Calgary's historic Deane House to reveal new restaurant this summer
Restaurateur Sal Howell of River Café and Boxwood behind the project
A new restaurant is coming to one of the most familiar and historic structures in our city this summer — after more than a decade of planning and a major set back.
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Deane House legacy
The historic Deane House was built in 1906 for the last commanding Superintendent of Fort Calgary, Cpt. Richard Deane, and his wife Martha, who sadly passed away before she could join her husband in their new home.
It originally sat near the corner of Ninth Avenue and Sixth Street S.E., facing east towards the barracks, and allowed Deane, a passionate horticulturalist, to tend to the extensive gardens around the house.
In 1914, the Fort Calgary site was purchased by the Grand Trunk Pacific Railway for use as a rail terminal, and the house was moved to the southeast corner for occupation by the station agent.
In 1929, local entrepreneur C.L. Jacques bought the house and used boats and floatation devices to move it across the Elbow River — an endeavour so remarkable it was featured in a 1930 issue of Popular Mechanics — to a new foundation at its current location, facing the Ninth Avenue bridge with the river (and now a bike path) running along one side.
Jacques used it as a boarding house. It has since been an artists' studio, tea house and restaurant.
Howell has been in conversation with Fort Calgary about the renovation project for over a decade, although they didn't break ground until December.
"The work on the grounds and all of the infrastructure is the vision of the Fort Calgary Historic Preservation Society to restore and redevelop the site," Howell said.
"They did all the infrastructure and we got a shell back that was like a new building, with all the character."
Flood delays project
Ten years ago, before the development of the East Village and evolution of Inglewood, Deane House was more isolated.
It didn't seem like the right time to open a restaurant there, said Howell.
The 2013 flood set the project back — not because of Deane House, but because of the extensive flooding over at River Café.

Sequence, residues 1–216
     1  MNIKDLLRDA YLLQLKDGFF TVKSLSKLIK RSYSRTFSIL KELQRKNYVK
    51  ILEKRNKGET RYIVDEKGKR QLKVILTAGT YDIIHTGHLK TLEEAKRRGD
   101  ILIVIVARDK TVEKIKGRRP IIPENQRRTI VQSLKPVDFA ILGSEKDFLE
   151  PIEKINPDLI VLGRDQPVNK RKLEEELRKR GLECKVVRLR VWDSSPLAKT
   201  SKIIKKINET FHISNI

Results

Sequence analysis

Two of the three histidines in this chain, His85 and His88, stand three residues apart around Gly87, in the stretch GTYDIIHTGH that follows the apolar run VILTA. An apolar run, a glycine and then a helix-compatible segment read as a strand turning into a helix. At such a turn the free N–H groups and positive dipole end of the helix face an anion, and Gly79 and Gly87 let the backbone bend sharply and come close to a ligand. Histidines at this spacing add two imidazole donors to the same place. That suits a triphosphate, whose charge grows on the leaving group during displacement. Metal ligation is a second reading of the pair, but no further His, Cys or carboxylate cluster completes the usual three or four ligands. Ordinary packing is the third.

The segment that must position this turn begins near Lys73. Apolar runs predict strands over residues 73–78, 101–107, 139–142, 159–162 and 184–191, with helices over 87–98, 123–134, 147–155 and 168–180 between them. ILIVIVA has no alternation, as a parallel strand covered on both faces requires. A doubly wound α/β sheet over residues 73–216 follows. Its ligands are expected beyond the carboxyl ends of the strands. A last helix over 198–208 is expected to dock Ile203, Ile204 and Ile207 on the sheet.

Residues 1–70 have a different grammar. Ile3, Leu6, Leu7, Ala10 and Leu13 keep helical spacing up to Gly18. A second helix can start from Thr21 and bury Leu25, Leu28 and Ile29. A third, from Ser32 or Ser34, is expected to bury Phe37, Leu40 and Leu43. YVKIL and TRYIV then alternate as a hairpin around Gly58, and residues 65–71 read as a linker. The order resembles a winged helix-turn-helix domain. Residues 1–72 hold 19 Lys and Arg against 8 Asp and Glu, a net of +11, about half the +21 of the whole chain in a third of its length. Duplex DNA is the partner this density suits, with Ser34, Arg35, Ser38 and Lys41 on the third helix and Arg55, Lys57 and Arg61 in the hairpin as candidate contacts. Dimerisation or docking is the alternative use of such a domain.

Surprisingly there wasn't a drop of water in Deane House, despite its precarious location on the bank at the confluence of the Bow and Elbow rivers.
The new post-flood retaining wall doubles as a garden bed, planted with edible indigenous plant material — fruit-bearing shrubs and trees including juniper, gooseberries, saskatoons and cherries.
"Rather than a traditional edible garden, or planting crops, which can take more space, our volumes are such that these are the things we can add," Howell said.
"We'd like to use it in education and storytelling."
There are 100 different edible species in and around the grounds at River Café, and at Boxwood they worked with the Urban Orchard program to put in apple trees.
The house is full of original wood and hardware, and they're utilizing the doors that were removed to do the millwork upstairs in the library.
"It's kind of like an art installation, working with local artists and re-utilizing and reclaiming objects and materials," Howell said.
Glimpse into past
With a long history of various stages, each room will help tell the many stories of the house's history.
There's the small Garden Room overlooking the garden and Ninth Avenue, the Tenement Bar, the elegant dining room at the back of the house — which will feature a gallery wall of works collected from the period and region — and an open bread station and pantry in the heart of the home.
The sunny enclosed porch along the river side will have its own small bar, and the artist who created the rawhide light fixtures at River Café is building more for the Deane House, inspired by the period and made of stained glass and laser cut steel.
The attic will provide much needed office space, but will also be furnished to be used as a multi-purpose space — perhaps a staging area for bridal parties.
(The top level is said to be the most haunted at Deane House. I met Lorne working on the reconstruction — he's been there during the day and late into the night, and says he has not as yet had any encounters with ghosts.)
On the edge of the garden, the tiny one-room Hunt House has historical significance as the oldest building in Calgary still standing at its original site.
The log cabin was built sometime between 1876 and 1881. This past year, experts hired by Fort Calgary carefully disassembled and reassembled the structure, reinforcing the pine log walls and roof.
'This was another location I fell in love with'
Like River Café and Boxwood, the restaurant itself will showcase a seasonally-inspired menu further influenced by the history of the site, with local produce, fish, game and fowl.
"All the elements of Calgary's history — the Fort, the train, the confluence of the Bow and Elbow, the Hudson Bay outpost — are here," Howell said.
"We've certainly benefitted for years at River Café having an extraordinary location, and this was another location I fell in love with.
"There's something magical about finding, creating, curating a space that people will experience on a multitude of levels."